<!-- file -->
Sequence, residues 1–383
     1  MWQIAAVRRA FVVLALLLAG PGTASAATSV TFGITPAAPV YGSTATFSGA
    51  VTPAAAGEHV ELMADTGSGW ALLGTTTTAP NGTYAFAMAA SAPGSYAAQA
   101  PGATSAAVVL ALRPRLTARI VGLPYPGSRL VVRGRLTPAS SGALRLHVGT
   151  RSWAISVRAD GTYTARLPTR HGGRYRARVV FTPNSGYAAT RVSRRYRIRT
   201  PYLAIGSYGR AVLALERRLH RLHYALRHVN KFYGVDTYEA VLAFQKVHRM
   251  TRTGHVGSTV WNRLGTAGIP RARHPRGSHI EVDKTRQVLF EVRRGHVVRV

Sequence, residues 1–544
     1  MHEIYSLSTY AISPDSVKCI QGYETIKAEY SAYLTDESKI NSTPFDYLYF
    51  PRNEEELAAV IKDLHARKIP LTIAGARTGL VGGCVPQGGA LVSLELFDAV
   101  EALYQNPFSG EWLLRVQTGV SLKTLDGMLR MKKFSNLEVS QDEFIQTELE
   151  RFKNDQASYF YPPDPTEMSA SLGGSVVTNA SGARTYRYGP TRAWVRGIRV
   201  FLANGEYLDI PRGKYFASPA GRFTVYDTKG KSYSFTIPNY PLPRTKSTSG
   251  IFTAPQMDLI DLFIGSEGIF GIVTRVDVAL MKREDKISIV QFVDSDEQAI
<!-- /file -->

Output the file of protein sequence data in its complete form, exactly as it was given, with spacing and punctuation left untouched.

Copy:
Sequence, residues 1–383
     1  MWQIAAVRRA FVVLALLLAG PGTASAATSV TFGITPAAPV YGSTATFSGA
    51  VTPAAAGEHV ELMADTGSGW ALLGTTTTAP NGTYAFAMAA SAPGSYAAQA
   101  PGATSAAVVL ALRPRLTARI VGLPYPGSRL VVRGRLTPAS SGALRLHVGT
   151  RSWAISVRAD GTYTARLPTR HGGRYRARVV FTPNSGYAAT RVSRRYRIRT
   201  PYLAIGSYGR AVLALERRLH RLHYALRHVN KFYGVDTYEA VLAFQKVHRM
   251  TRTGHVGSTV WNRLGTAGIP RARHPRGSHI EVDKTRQVLF EVRRGHVVRV

Sequence, residues 1–544
     1  MHEIYSLSTY AISPDSVKCI QGYETIKAEY SAYLTDESKI NSTPFDYLYF
    51  PRNEEELAAV IKDLHARKIP LTIAGARTGL VGGCVPQGGA LVSLELFDAV
   101  EALYQNPFSG EWLLRVQTGV SLKTLDGMLR MKKFSNLEVS QDEFIQTELE
   151  RFKNDQASYF YPPDPTEMSA SLGGSVVTNA SGARTYRYGP TRAWVRGIRV
   201  FLANGEYLDI PRGKYFASPA GRFTVYDTKG KSYSFTIPNY PLPRTKSTSG
   251  IFTAPQMDLI DLFIGSEGIF GIVTRVDVAL MKREDKISIV QFVDSDEQAI